The original statement said that the Bank of Korea (BoK) was looking at similar movements globally by central bank counterparts, this after it had confirmed it was considering using blockchain technology for an ambitious “cash-free” society pilot.

The latest statement claims that it does not plan to launch its own digital currency over fears it could destabilize the economy, with the BoK going as far as to say it could pose a “moral hazard” due to the instability it would cause to financial markets. According to the Korea Times, Bok also issued a statement suggesting that digital currencies do not perform as fiat money.

The latest report goes on to examine alleged elements of risk associated with a CBDC. A BoK Economist said that “our thoughts are that digital currencies have been exposed to various categories of risk associated with credit, liquidity and legal management”, adding that traditional and digital currency operating side by side could create “social costs and undermine social welfare”.

The central bank has further suggested that there is hope for CBDC, but that they would need far more rigorous testing despite their obvious potential to impact on the current banking system.

Press source Yonhap mentions that BoK wants closer scrutiny and regulation on private crypto users regarding the actual size of their holdings so as not “to inflate their collateral and produce more e-money”, adding that a central bank should take full charge of the issue of banknotes and electronic money.

 

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Former FDIC Chair Warns US Federal Reserve It Needs Own Cryptocurrency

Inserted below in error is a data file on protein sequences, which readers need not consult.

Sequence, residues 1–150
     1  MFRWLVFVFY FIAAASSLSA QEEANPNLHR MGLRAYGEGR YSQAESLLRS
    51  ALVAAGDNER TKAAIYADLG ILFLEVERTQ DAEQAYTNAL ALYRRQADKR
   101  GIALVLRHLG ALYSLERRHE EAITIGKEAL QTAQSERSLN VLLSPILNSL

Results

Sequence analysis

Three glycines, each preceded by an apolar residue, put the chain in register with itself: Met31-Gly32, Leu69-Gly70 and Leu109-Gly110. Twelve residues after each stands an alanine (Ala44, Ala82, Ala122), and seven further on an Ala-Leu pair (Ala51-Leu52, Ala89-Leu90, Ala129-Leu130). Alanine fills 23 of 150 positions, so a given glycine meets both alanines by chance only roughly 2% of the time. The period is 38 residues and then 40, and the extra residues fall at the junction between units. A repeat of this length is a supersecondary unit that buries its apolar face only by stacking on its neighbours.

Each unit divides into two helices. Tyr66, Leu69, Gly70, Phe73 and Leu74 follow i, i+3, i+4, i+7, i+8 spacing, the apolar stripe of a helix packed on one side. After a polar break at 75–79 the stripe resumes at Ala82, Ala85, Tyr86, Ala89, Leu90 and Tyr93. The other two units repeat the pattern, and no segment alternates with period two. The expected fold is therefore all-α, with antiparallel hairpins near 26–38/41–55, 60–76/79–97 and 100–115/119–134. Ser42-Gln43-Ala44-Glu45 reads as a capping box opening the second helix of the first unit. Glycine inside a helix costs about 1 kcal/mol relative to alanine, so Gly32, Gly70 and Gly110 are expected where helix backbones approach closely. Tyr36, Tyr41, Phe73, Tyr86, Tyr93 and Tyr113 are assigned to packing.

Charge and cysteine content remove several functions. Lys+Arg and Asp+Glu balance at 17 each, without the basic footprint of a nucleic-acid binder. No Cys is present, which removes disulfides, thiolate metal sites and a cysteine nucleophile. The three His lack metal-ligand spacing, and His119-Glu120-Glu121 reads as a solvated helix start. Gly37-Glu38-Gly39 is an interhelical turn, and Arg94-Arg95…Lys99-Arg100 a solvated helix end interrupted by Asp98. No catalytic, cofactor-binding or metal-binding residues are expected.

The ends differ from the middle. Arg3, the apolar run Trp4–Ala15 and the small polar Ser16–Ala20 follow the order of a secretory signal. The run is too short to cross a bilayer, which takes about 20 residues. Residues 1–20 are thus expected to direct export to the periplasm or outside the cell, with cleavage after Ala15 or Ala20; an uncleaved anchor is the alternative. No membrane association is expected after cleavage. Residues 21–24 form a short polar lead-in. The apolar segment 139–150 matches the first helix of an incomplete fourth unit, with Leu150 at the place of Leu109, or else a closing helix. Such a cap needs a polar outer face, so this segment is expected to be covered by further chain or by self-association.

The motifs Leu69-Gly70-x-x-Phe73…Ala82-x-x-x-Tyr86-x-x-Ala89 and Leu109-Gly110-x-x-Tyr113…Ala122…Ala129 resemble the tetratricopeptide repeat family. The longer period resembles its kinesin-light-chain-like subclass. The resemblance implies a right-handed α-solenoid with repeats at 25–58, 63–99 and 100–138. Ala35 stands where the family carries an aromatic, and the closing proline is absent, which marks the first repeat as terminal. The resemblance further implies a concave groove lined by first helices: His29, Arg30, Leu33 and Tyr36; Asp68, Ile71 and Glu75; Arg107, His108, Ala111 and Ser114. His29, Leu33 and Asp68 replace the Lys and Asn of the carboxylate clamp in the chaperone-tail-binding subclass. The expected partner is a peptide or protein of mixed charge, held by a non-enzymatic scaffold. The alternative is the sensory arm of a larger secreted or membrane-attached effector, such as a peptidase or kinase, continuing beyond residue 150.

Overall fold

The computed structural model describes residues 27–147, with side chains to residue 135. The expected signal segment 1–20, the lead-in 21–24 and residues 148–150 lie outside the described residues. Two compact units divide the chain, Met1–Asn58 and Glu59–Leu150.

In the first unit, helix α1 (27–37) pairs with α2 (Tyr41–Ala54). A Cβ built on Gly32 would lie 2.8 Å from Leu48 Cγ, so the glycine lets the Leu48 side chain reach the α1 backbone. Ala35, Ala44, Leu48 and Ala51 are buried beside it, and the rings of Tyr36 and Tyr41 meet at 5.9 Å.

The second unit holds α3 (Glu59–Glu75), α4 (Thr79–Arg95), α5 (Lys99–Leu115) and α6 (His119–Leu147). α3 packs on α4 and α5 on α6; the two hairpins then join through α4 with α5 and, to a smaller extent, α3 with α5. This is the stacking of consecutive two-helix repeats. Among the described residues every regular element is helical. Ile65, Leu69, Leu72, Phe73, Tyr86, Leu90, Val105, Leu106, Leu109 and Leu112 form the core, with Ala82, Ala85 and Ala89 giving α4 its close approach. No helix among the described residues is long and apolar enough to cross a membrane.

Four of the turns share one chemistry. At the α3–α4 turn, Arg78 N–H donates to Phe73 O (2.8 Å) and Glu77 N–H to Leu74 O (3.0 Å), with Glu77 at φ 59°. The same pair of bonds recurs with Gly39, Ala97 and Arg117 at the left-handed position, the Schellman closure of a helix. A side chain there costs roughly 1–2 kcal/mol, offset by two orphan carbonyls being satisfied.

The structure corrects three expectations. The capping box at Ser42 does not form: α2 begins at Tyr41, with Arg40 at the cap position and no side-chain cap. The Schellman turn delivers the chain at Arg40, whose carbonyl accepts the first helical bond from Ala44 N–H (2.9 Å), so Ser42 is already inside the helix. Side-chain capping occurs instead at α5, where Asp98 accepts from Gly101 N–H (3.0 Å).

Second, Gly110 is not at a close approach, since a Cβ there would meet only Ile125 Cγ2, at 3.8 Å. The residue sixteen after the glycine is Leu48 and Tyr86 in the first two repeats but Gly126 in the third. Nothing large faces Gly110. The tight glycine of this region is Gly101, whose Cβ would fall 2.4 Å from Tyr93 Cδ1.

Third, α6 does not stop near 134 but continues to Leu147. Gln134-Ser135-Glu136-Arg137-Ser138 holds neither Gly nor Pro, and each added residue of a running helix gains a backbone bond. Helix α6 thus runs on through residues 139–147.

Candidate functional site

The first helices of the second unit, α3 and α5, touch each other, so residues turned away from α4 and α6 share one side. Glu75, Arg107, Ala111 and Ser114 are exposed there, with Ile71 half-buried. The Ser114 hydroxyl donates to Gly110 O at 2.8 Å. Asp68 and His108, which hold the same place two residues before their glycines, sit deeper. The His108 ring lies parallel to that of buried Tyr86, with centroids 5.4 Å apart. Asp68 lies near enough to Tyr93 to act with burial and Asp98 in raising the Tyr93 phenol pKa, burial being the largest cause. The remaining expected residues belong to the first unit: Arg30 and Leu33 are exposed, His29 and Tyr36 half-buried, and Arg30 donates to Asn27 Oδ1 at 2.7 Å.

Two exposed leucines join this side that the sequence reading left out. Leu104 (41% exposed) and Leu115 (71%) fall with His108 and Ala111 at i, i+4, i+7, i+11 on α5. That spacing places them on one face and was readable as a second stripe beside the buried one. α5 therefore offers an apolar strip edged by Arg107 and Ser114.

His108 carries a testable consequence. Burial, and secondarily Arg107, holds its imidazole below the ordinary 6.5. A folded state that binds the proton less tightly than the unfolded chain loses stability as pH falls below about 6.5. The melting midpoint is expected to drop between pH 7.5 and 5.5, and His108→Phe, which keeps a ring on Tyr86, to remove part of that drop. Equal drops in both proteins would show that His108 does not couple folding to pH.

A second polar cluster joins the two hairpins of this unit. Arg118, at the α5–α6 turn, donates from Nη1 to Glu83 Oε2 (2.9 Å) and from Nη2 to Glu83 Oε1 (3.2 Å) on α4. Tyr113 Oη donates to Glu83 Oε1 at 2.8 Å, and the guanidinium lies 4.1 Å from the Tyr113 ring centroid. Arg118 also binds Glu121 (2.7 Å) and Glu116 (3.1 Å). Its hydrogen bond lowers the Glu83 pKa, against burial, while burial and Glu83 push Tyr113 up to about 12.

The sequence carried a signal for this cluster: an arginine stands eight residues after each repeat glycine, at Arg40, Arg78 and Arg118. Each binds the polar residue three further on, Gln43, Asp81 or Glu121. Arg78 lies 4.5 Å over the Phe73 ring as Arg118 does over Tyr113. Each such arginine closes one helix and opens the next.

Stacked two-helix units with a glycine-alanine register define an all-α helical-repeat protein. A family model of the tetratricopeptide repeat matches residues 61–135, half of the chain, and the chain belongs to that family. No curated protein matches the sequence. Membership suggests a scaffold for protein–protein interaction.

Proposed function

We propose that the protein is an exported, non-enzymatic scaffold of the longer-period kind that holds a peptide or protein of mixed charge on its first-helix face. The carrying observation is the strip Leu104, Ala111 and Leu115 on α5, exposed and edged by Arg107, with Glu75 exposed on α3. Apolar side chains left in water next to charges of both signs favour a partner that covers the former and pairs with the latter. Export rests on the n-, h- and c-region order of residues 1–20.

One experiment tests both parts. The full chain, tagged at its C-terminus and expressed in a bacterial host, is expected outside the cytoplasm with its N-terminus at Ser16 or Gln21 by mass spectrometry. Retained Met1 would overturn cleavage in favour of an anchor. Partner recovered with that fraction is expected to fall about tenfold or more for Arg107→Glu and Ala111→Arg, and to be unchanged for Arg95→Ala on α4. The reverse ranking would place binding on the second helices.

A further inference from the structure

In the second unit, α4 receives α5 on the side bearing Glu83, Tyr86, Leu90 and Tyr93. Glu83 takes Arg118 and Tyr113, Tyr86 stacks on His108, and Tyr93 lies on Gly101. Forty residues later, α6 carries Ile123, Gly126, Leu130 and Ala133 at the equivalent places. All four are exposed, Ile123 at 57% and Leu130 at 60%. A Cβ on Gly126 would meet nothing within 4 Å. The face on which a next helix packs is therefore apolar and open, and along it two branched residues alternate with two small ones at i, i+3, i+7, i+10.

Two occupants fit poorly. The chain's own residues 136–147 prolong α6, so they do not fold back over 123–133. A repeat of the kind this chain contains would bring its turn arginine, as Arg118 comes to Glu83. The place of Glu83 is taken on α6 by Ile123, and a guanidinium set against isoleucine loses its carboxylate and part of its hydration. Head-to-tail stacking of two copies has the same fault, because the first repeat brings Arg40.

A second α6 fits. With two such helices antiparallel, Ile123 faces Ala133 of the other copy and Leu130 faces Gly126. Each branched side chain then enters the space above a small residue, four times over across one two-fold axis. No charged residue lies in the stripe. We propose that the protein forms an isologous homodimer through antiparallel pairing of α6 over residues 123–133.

Sheila Bair, former chair of the US Federal Deposit Insurance Corporation (FDIC), has suggested that the Federal Reserve Bank should seriously consider the prospects of a central bank issued digital currency (CBDC), reports Yahoo Finance.

The concept of a cryptocurrency called FedCoin has provoked interest over past years, based on an idea proposed in 2014 by blogger JP Koning. Since then, the idea has been much discussed and the term is now generically used to describe a CBDC which could be overseen by the Federal Reserve, IMF, and the World Bank.

Currently, the US government can stimulate and slow economic activity in periods of recession and boom. A CBDC, in theory, would not have the same kind of culpability to large fluctuations in value given proper oversight and management by a centralized authority, suggests Coindesk.

Bair has her warnings regarding the Feds status quo regarding its crypto machinations, suggesting, “If it does not stay ahead of this technology, not only could banking be disrupted — but the Fed itself could also be at risk.”

Bair points out that centralized digital currencies would be “much more effective tools for conducting monetary policy to address economic cycle”, but does warn that credit availability issues do mean that consumers holding all of their funds in CBDCs could cause credit deficits without ensuring banks could remain competitive with Fedcoin. This would require careful Fed legislation.

Bair’s comments on the viability of CBDCs by the central bank are timely as government officials around the world are considering the merits of cryptocurrencies like Bitcoin in structure, but state-controlled in vision.

Major central banks now experimenting with digital currencies and blockchain are growing, including The Bank of England, the Banque de France, the People’s Bank of China, the Bank of Canada, the Central Bank of Russia and the Dutch Central Bank.

This is not the first call for a Fed digital currency. Kevin Warsh, former Federal Reserve governor, suggested earlier this year that the creation of a “FedCoin” needed “serious consideration”, as reported in the New York Times.